The Cook Report and Sabato's Crystal Ball both rate the race a toss-up, while Inside Elections rates it as "likely Democrat." Yesterday, Rachel Bitecofer took a look at how the race has developed and wrote that she is "hesitant to say the CA-25 special election... will be a bellwether, but it’s the best chance Republicans have at reclaiming one of these seats this cycle. Democrats have been hesitant to spend heavily on the race whereas Republicans, increasingly bearish about their fall prospects under Trump, badly need any positive optics they can rustle up, and unlike other 2020 races where fundraising and candidate recruitment have reflected a hostile political atmosphere that still favors Democrats, their recruitment effort in California’s 25th district produced a top-notch nominee."

Bitecofer, who I generally think is a great prognosticator finds it easy to say that Garcia, a dangerous sociopath and walking freakshow who wants to spend his time in office licking Trump's ass, is "a top-notch nominee." She can't find it in her to describe what an utterly worthless catastrophe of a candidate Christie Smith is.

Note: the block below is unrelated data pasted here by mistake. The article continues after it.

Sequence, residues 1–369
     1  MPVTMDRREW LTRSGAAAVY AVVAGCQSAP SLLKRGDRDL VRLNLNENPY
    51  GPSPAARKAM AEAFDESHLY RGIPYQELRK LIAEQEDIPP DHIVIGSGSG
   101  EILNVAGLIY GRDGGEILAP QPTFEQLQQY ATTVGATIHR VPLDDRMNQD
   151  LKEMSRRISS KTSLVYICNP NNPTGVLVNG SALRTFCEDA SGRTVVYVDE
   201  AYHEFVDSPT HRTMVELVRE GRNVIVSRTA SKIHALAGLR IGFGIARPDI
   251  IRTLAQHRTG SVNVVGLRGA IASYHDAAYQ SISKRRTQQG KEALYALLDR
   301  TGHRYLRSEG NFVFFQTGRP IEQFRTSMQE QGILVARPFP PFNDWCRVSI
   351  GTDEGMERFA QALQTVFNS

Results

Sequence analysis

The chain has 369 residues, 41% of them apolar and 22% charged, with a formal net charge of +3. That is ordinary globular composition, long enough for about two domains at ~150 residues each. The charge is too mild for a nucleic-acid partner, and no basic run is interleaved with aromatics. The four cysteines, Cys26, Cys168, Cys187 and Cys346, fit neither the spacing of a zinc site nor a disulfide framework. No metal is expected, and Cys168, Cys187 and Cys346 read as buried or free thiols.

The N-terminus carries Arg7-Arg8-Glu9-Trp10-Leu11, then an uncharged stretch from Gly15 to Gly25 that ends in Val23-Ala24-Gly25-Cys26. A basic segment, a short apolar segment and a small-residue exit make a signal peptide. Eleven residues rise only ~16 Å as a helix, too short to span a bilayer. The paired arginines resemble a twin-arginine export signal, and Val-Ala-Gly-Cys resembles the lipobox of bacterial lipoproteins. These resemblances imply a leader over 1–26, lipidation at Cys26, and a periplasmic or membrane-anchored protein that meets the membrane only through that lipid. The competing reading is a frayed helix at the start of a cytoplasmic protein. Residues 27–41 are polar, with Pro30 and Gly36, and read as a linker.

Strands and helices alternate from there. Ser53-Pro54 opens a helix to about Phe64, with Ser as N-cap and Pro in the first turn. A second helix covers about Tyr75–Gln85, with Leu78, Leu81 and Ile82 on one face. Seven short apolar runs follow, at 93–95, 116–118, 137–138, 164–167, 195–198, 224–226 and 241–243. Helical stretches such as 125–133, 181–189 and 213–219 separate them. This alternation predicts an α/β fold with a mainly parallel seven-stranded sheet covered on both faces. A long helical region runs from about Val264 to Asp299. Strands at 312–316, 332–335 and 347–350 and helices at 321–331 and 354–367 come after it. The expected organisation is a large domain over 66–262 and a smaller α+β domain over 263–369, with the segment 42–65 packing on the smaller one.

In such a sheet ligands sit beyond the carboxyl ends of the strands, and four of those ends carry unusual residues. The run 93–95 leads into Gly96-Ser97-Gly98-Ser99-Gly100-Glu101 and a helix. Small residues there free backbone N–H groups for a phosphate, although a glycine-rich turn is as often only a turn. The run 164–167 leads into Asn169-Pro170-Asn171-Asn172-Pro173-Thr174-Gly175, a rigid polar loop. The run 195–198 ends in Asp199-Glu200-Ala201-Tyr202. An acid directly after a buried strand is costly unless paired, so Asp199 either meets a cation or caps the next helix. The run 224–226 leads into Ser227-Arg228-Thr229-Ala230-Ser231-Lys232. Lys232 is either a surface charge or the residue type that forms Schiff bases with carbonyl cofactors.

Ironically, outside of gender, Democrats struggle to embrace the electoral power of descriptive representation (i.e., identity politics) when it comes to candidate recruitment; however, Republicans have long understood the benefits of recruiting and running minority candidates in diverse districts. It is a strategy that has worked well for them in both Florida and Texas, and one they’re hoping might mitigate a massive demographic advantage for Democrats on the 25th. Their candidate, Mike Garcia, has an impressive background as a Navy fighter pilot, and perhaps more relevant for the GOP’s electoral purposes, Garcia’s Ballotpedia entry provided by his campaign notes he is a “first-generation American citizen whose family came to the United States legally.” Republicans hope he may be able to pull over some voters from the district’s 37-percent Latino population and potentially erode some of the Democrats’ advantage among this core voting bloc.